Rules of disengagement
Divorce or separation can cause significant personal upheaval, but dealing with important practicalities can prevent difficulties becoming worse.
Unfortunately, more than 40% of UK marriages end in divorce.1 While divorce and separation can be emotionally and psychologically damaging, they can also come with huge legal and financial implications.
Amid such upheaval, it is all too easy to overlook such issues, but doing so can make a difficult situation worse, and leave you unnecessarily out of pocket. In some cases, inaction can prolong the process significantly.
By taking a few appropriate and timely steps, those affected can more easily navigate the legal and financial risks ahead, while potentially reducing some of the stresses associated with divorce and separation.
“Firstly and most importantly, seek professional advice,” says Suzanne Lurie of Linder Myers Solicitors. “Professionals can assist and guide you through the process and, whilst it might be an expense, advice at the outset can often help to ensure a smoother process and avoid problems later. Legal advice is essential, but do not disregard advice from your financial adviser or accountant.”
Having sought out the appropriate professional help, there is a number of steps that Lurie believes should be taken – or at least be properly prepared for.
Get your papers in order
One job that might seem mundane but can prove vitally important is to organise your paperwork. Personal documents are often fundamental to working out divorces, and ready access to the appropriate papers can be enormously beneficial as you navigate the process.
“Valuations will be required of all assets, including property, pensions, investments, and share portfolios,” says Lurie. “If you have these available, it will help with any initial discussions. The same applies to any liabilities you may have, including mortgage, loans and outstanding credit card balances.”
If you have any joint accounts or credit cards, you should let the financial institution know that you are separating. This may lead to the accounts being frozen, and so you may wish to open a new account.
You may also wish to consider how you protect other forms of information. For example, it is worth tallying up who may be able to access your online accounts, and changing your passwords if necessary.
It might also be useful to create a record of relevant events by keeping a diary. “A diary can help you to navigate difficult contact arrangements with the children, should this become a problem later,” says Lurie.
Whilst divorce proceedings will invariably involve legal challenges, it is of course possible that the two separating parties will reach an agreement without legal advice. If that happens, Lurie stresses the importance of ensuring the agreement is written into a court order – called a ‘consent order’. This will ensure that what you agreed remains legally binding on you both.
Yet even if such an order is agreed, there are other legal questions to consider and review. If you have a Will and a lasting power of attorney (LPA), these will certainly need to be looked at.
“Divorce does not annul a Will,” says Lurie. “Instead, any gift made which benefits your partner takes effect as if that person had died at the date of the decree absolute – the legal document that formally ends a marriage.”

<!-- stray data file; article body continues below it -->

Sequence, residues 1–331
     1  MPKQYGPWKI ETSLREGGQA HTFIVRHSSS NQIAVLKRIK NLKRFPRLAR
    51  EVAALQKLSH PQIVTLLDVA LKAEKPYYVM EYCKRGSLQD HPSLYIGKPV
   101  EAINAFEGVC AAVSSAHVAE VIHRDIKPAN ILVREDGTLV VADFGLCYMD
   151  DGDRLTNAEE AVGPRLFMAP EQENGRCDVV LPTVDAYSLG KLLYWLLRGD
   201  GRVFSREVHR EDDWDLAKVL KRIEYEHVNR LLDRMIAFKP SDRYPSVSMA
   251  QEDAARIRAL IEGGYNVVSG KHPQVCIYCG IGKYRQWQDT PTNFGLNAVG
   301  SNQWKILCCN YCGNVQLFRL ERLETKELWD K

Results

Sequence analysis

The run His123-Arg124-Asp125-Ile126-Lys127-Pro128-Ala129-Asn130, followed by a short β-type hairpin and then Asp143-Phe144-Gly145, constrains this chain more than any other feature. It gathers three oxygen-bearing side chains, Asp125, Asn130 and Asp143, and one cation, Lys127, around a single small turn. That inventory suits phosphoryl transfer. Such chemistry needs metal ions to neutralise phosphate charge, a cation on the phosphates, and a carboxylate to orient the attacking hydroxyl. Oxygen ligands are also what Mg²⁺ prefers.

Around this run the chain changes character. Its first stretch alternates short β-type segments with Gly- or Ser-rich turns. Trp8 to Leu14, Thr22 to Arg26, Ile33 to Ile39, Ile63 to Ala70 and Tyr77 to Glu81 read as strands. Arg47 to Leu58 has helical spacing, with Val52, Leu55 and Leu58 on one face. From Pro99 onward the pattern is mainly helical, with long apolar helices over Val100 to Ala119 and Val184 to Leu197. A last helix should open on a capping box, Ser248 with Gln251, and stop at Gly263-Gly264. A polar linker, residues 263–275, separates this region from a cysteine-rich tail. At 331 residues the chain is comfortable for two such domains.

This means that any gifts made to your partner will pass to other beneficiaries or become part of the residue of the estate, potentially against your wishes. If you have appointed your partner as your executor, then this clause will be cancelled, which could leave you without an executor. In separations without divorce proceedings, the Will also remains valid – again, this may be against your wishes. Whether divorce affects an LPA will depend on how it is written. You may need to consider whether to change your attorneys, although you can elect your former partner to be your attorney if you wish. If you do not have a Will or LPA, it would be wise to ensure that you do.
If a consent order cannot be agreed, there are still alternative routes to try before heading to court. Lurie maintains that court proceedings are generally treated by professionals as the last resort.
“Separation and divorce does not have to be acrimonious,” says Lurie. “One route is for you and your partner to meet with a mediator, who is trained to help resolve disputes and help you reach an agreement, but who cannot take sides or give advice.”
Others might consider turning instead to ‘collaborative law’. Under this approach, each party appoints their own lawyer, and negotiations to seek an agreement are done face-to-face with all parties present. Should this approach fail, then you will need to appoint a new lawyer to represent you in court proceedings.
Many couples will also face the challenge of helping children through the process.
“If children are involved, it can be helpful to inform teachers so that they are aware there will be changes at home,” says Lurie. “This has a dual benefit. Teachers will understand better if work is late or behaviour deteriorates, but it will alert you to any issues the children may be having, should they struggle to deal with the separation. If they are struggling, you may wish to seek advice from teachers or medical professionals on what counselling is available.”
After going through the considerable process of preparing for a divorce or separation, it can sometimes become clear separation is not, in fact, the ultimate answer. In such cases, some couples benefit from the relationship support provided by organisations such as Relate, which can provide significant support.
Will writing and Lasting Powers of Attorney involve the referral to a service which is separate and distinct to those offered by St. James's Place and are not regulated by the Financial Conduct Authority.
1 Office for National Statistics, November 2015.